This is kinda of a great plan, but they are also exposing their kids to social media at a young age, in fact they have a digital presence before they are ever born. At what age do they learn about the safety, about predators, about all the negatives of social media and the internet.
Monica Lewinsky learnt this at the age of 22, Walter Palmer at age 55, and Amanda Todd at age 12. Each person, and many more have experienced the negatives of social media, but these are lessons that they learnt one their own. No one actually taught them these lessons. New generations should be taught these lessons. This is both the responsibility of the parents and the teachers.
We cannot expect people to learn about internet safety if we do not teach internet safety. It is kind of like how we cannot expect people to learn math if we don’t teach math.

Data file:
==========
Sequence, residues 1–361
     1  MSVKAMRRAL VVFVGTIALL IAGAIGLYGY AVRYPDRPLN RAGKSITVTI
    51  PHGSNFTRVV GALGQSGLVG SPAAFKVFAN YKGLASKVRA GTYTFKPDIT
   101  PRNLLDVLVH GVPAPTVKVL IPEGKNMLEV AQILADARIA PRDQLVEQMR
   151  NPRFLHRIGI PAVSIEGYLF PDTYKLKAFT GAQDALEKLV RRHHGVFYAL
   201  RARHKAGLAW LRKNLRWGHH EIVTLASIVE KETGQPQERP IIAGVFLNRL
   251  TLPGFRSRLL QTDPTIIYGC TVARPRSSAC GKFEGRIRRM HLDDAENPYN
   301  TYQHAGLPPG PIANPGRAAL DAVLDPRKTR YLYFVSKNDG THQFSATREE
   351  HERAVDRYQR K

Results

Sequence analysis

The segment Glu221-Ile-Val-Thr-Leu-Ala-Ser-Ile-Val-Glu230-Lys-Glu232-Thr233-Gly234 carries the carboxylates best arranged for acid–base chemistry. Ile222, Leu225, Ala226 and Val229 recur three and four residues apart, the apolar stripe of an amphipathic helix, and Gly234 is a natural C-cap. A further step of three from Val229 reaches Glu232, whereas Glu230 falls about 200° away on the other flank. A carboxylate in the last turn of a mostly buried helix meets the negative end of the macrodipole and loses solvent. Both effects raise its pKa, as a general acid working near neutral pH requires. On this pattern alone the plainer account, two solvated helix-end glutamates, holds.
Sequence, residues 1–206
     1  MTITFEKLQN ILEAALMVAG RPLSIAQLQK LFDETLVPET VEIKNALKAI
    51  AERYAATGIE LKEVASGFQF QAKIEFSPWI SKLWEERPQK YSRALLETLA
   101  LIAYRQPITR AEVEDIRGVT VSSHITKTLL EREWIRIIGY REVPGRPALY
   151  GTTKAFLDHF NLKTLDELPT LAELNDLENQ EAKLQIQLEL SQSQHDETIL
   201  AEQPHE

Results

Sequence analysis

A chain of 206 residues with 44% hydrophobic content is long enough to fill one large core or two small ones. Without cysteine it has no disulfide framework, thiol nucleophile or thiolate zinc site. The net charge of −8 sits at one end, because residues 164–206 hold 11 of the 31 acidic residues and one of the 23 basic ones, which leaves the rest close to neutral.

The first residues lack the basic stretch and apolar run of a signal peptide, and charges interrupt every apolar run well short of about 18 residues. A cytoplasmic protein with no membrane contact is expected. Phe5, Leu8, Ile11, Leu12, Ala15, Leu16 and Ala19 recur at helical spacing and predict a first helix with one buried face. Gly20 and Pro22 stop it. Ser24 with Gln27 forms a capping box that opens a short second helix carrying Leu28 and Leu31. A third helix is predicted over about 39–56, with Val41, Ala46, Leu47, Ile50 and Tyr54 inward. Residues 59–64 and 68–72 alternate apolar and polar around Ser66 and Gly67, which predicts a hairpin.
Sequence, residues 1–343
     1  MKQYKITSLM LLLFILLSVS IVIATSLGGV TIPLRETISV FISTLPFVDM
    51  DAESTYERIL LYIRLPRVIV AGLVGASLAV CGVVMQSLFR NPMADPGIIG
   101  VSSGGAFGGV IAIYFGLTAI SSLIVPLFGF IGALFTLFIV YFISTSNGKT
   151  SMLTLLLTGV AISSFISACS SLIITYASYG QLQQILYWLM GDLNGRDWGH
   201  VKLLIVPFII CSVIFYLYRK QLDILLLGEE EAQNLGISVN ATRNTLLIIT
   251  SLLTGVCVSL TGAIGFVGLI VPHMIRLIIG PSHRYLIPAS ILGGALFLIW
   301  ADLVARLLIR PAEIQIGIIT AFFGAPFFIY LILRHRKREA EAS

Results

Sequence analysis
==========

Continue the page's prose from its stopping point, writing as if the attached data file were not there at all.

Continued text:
Where does digital citizenship fit in the curriculum, the answer to this question is the same answer when asked where treaty ed fit, or critical thinking, or problem solving “fit” into the curriculum. Digital citizenship fits everywhere into the curriculum because it is not a lesson you teach but a way to teach a lesson. Students are going to use social media, most kids that we will teach will have a digital identity before their first birthday because parents share all the happy moments. I do not know a person under the age of five who is not all over their parents’ social media. We use it as a way of communication, to allow friends and family to see all “important” information that must be displayed. Why do we worry so much about new generations using technology, they grow up with it, they understand it. I worry about the parents who got it in the middle of their life and do not understand the power of it. My mom was looking at my facebook once, and all the sudden she started getting mad at me because one of my friends shared a half naked picture of some chick – this friend happened to be Victoria’s Secret, whom I happened to like their page, most of their pictures are of women in revealing clothes, but she did not understand this, she also did not understand how I can stand to see “naked” girls all over my facebook. The idea that I can scroll by something, without judging it seemed to confuse her, as well as all of her friends. We don’t need to teach digital citizenship, we need to integrate as additional learnings that happen but not because we have a single unit planned out to teach it.